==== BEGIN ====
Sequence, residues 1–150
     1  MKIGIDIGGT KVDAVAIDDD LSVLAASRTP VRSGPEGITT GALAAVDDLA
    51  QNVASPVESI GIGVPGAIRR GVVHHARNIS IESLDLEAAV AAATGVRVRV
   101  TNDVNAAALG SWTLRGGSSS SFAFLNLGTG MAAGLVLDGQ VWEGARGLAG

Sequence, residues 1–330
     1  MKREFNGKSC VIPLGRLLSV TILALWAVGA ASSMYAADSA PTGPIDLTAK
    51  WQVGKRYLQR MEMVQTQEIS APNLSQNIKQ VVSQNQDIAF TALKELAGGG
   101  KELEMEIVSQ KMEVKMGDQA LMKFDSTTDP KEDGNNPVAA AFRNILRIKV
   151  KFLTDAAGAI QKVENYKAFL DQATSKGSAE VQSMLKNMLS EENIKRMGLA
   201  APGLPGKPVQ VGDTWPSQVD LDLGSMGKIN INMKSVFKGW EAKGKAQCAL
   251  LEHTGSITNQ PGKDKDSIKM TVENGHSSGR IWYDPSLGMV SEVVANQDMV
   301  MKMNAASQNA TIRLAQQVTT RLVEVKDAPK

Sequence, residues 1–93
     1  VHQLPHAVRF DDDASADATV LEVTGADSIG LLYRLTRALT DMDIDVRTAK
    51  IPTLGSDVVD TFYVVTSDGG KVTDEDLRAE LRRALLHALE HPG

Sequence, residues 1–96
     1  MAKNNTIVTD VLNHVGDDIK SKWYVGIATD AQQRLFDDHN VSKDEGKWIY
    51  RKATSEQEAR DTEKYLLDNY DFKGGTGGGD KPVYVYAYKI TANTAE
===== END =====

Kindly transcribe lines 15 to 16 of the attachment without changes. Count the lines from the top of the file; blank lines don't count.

    51  IPTLGSDVVD TFYVVTSDGG KVTDEDLRAE LRRALLHALE HPG

Sequence, residues 1–96